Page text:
Alexander Neufeld (Germany) and Joji Pantoja, chair of the Peace Commission (Philippines), pray for Alphone Komuesa (DR Congo). Photo: Wilhelm Unger.

A space to learn

Gathered in a rainbow striped tent that was both a metaphor for the diversity of the gathering and a real tabernacle for God’s people, delegates approved the Program Plan and financial projections 2018–2021 and reviewed Fair Share 2016–2021 and had lively discussion around Commissions Proposals. Strategic goals for the triennial were identified as: live out anabaptist identity, interdependent relationships, reconciliation and hope.

“The unity of the spirit is the reason we walk together, not the result of walking well together,” said Thomas Yoder Neufeld, Bible scholar, new Faith and Life Commission chair, and speaker at three plenary teaching sessions. “God is to blame for the diversity in our unity,” he said. “This is a permanent problem we do not want God to solve for us.”

The imagery of breaking down boundaries show how costly peace is, he said.

A space to wrestle

Delegates experienced pain when disagreement surfaced over the Faith and Life Commission’s guideline on responding to controversial issues. Yoder Neufeld’s teaching – patience, suffering, forgiveness, seeing in each other the face of God are the ways to walk in unity – were put to test. The General Council did not reach consensus on accepting the document which means that MWC continues without a clear process on how to discuss controversial issues.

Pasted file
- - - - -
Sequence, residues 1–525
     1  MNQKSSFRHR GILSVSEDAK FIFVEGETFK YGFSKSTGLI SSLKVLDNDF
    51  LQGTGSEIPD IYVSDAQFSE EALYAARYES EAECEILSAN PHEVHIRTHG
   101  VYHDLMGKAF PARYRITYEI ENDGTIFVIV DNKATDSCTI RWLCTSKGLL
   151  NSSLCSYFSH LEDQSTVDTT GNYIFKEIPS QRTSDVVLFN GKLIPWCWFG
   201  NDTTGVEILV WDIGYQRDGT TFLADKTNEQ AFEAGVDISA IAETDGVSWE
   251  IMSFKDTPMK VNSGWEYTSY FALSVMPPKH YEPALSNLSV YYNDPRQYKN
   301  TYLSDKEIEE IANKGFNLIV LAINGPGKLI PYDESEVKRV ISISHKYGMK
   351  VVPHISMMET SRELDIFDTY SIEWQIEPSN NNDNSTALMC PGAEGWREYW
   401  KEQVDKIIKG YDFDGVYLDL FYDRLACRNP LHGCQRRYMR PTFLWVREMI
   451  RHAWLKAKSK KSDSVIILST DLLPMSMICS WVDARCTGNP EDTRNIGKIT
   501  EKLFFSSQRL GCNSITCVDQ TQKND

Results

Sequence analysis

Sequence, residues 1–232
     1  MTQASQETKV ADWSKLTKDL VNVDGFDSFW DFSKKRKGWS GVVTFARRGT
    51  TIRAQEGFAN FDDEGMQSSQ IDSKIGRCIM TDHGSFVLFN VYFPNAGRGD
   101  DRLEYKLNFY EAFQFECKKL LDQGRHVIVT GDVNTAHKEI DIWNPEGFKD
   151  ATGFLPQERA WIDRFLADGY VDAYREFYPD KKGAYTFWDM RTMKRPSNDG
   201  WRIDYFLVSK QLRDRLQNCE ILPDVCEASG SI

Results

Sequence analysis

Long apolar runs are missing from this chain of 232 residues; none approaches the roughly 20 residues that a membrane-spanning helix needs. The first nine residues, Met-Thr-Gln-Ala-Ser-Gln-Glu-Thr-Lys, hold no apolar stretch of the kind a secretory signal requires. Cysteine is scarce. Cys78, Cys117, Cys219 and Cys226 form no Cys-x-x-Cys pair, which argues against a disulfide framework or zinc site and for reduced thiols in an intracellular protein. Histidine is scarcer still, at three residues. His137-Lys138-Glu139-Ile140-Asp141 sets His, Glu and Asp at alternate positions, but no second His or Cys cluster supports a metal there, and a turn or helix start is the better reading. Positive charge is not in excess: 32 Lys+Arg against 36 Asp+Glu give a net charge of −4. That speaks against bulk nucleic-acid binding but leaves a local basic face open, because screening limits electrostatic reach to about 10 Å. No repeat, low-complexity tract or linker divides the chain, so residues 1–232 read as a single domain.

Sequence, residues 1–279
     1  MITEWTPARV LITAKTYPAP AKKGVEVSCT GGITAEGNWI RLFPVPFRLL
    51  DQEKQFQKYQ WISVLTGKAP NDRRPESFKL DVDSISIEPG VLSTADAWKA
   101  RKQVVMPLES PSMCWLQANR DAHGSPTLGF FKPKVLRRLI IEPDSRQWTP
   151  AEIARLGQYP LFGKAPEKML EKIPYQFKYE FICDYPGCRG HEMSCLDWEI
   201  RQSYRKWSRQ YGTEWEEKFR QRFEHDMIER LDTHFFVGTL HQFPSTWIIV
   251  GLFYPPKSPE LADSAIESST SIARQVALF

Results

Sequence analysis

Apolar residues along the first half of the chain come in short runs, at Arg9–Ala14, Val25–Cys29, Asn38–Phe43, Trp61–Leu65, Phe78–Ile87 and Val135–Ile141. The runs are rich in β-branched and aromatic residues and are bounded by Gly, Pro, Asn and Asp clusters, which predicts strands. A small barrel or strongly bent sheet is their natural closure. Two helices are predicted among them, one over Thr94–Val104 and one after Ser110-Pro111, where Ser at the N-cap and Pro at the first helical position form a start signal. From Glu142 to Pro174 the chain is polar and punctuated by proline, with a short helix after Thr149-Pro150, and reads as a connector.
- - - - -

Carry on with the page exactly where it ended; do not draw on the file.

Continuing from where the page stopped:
Two other Commission documents received delegate approval: a statement of solidarity with Indigenous peoples and a teaching resource “Identity and Ecumenicity: A Theology of Interchurch Hospitality and Denominational Identity.”

Delegates ratified new national church members approved by the Executive Committee since the previous General Council and new members in 2018: Lancaster Mennonite Conference (full member); and Iglesia Misionera Anabautista, Bolivia (associate members).

Henk Stenvers was elected president elect, to assume presidency at Assembly in Indonesia in 6–11 July 2021. Currently serving vice president Rebecca Osiro was affirmed to serve a six-year term. New Commission members and Executive Committee members were approved, including Bill Braun, a U.S. Mennonite Brethren retired pastor from Fresno, Calif., to serve on the executive committee.

Prior to the General Council, delegates and representatives of Anabaptist service and mission agencies travelled to western Kenya to participate in Renewal 2027, a day-long celebration of the Holy Spirit in the history and life of the nearly 500-year-old Anabaptist church. The next day, they worshipped in local churches in the Kisumu area.

Osiro described it as a great honor for Kenya Mennonite Church to host the gathering of Anabaptist leaders worldwide. “We feel encouraged and strengthened that we come to this reality,” she said. “Where the roads are not defined clearly…, you bear with us and forgive us,” she said. “How nice, how pleasant and good that we stay together in unity.”